- The Washington Times - Saturday, April 23, 2005

Art Bushkin says he doesn’t “know much about saving children, saving the whales or saving the environment.”

But for all he knows, those using his network are doing just that.

“Stargazer is an online service for social good, [but] we don’t define what the social good is,” Mr. Bushkin said of the Fairfax-based charity he began about six years ago.

He anticipated such activities as teachers across the world sharing lesson plans.

What he never imagined were the new uses for his network since September 11, 2001.



“We didn’t know there was going to be a terrorist attack, but we knew governments, schools and churches needed online information sharing,” Mr. Buskin said.

That capability is now being used by the Maryland Emergency Management Agency, the Virginia Department of Emergency Management and the U.S. Department of Homeland Security.

Last summer, the Metropolitan Washington Council of Governments teamed up with Stargazer to develop a Joint Information Center for first responders to communicate instantly from anywhere. The mission was to create it in time for a regional emergency drill in September.

“We asked for a car and they built us an automobile industry,” said the council’s spokeswoman Jeanne Saddler.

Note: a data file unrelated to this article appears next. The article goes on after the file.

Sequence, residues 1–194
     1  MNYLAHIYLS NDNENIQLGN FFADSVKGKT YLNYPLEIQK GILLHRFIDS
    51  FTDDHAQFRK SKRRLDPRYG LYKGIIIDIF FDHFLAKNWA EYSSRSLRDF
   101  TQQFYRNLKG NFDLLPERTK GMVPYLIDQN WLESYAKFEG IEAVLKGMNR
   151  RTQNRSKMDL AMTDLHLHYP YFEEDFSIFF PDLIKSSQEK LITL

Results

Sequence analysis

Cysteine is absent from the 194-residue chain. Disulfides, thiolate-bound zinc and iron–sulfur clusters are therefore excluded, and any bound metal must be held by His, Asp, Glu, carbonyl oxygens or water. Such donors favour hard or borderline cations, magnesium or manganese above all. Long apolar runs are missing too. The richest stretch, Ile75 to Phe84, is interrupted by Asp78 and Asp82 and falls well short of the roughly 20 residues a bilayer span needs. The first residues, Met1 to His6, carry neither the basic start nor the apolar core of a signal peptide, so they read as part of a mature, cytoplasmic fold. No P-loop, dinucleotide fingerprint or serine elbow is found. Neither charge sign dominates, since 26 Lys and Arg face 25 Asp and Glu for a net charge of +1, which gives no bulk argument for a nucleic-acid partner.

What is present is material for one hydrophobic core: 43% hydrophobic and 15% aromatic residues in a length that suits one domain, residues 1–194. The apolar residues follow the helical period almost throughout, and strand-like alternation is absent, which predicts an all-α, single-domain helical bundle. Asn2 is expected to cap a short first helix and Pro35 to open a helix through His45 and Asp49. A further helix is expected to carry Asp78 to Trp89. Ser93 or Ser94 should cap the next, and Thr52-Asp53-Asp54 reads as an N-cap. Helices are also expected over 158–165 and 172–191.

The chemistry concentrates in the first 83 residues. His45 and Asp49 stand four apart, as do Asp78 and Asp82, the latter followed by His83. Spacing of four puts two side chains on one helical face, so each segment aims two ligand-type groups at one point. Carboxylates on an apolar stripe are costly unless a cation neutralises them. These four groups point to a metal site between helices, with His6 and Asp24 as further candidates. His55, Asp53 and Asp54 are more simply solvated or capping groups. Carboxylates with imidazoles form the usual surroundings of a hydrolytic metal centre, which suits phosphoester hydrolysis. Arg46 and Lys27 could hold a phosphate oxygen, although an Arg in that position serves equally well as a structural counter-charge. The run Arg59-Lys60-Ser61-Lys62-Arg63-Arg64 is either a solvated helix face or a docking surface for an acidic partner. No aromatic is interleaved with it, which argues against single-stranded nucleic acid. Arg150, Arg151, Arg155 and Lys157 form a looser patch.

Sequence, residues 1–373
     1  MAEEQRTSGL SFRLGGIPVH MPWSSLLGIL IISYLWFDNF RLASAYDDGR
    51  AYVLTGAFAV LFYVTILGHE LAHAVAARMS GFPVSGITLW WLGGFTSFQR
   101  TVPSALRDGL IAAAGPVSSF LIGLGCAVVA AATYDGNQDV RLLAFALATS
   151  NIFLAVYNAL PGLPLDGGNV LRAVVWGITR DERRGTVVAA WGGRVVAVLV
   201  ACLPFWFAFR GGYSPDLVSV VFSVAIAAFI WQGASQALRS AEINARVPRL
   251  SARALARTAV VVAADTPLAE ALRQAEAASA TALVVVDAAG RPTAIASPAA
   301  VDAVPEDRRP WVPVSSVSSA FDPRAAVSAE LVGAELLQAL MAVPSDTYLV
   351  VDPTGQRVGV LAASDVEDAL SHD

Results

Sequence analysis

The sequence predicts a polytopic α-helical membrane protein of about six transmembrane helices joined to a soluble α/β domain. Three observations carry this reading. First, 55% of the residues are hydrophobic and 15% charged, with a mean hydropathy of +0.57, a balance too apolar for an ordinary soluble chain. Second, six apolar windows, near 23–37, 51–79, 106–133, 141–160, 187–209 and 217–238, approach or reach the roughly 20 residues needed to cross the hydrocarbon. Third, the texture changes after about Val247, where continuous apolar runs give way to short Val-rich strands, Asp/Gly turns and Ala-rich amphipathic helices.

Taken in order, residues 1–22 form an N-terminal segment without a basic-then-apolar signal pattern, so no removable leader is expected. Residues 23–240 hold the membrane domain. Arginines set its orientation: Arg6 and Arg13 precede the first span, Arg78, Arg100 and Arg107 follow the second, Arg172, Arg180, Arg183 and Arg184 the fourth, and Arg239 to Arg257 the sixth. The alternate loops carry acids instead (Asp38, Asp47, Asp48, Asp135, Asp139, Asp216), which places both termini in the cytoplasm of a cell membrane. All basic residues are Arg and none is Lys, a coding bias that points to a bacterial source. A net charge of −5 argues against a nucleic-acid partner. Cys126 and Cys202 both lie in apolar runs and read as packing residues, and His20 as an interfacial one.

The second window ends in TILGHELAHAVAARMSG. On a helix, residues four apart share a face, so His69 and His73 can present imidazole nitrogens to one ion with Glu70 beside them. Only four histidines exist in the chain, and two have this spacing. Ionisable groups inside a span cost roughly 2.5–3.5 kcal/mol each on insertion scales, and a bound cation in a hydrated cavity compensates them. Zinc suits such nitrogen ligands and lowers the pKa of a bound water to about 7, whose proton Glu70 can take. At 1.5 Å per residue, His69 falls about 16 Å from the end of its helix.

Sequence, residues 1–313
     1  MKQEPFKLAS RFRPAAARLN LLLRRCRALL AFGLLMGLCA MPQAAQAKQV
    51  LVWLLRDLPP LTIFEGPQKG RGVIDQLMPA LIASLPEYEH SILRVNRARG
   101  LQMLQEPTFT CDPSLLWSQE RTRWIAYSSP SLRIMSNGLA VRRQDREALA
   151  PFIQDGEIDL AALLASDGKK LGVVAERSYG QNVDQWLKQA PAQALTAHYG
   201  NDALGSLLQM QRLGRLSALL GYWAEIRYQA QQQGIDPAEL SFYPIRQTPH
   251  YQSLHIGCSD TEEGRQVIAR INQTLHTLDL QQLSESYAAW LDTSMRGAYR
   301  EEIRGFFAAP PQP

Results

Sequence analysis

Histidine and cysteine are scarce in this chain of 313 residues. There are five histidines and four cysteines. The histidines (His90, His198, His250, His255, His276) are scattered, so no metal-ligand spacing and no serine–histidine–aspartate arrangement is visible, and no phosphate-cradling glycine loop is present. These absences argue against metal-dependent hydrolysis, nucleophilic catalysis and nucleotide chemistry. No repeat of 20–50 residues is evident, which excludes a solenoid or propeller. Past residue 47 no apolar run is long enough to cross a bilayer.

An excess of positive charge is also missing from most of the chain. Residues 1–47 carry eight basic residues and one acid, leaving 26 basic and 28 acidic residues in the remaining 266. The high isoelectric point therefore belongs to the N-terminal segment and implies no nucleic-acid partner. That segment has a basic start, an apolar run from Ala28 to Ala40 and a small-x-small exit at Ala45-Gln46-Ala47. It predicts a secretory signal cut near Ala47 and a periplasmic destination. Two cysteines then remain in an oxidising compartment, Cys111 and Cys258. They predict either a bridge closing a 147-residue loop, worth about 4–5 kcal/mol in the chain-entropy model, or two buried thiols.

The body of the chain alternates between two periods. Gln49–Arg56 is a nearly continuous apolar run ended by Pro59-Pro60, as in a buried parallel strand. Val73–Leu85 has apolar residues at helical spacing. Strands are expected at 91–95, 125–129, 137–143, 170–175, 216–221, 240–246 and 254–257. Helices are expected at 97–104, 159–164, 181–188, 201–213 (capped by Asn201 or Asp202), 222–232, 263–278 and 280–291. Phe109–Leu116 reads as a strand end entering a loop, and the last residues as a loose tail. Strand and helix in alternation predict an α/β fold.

The system allows government and emergency workers from 19 local jurisdictions to perform little more than a couple of mouse clicks to learn such things as whether the 14th Street Bridge is open.

Mr. Bushkin, 61, was a Massachusetts Institute of Technology graduate student in the 1960s when he landed a Defense Department internship working on a project that later became the Internet. He is quick to point out he did not invent it.

Along with his former wife he started the Stargazer Foundation with $15 million of their own money gained from the booming tech industry. They hoped to “give something back,” he said, but couldn’t have fully imagined their nonprofit’s mission today.

For the first responders, Mr. Bushkin’s team did not have to reinvent information-sharing software, but they had to modify it so many people could post information without the oversight of one webmaster.

“While IBM was saying it couldn’t be done, our guys had already built it and it was up and running,” he said.

“We’re the beneficiary of hundreds of millions of dollars IBM has spent on research,” Mr. Bushkin said. His “clients” get this top-of-the-line technology for free.

“One of our biggest credibility issues is people can’t believe we’re real,” Mr. Bushkin said. “They say, ‘What’s the catch?’ There is no catch.”

The only thing Stargazer asks is that those using the free technology be nonprofits, schools, community or government organizations.

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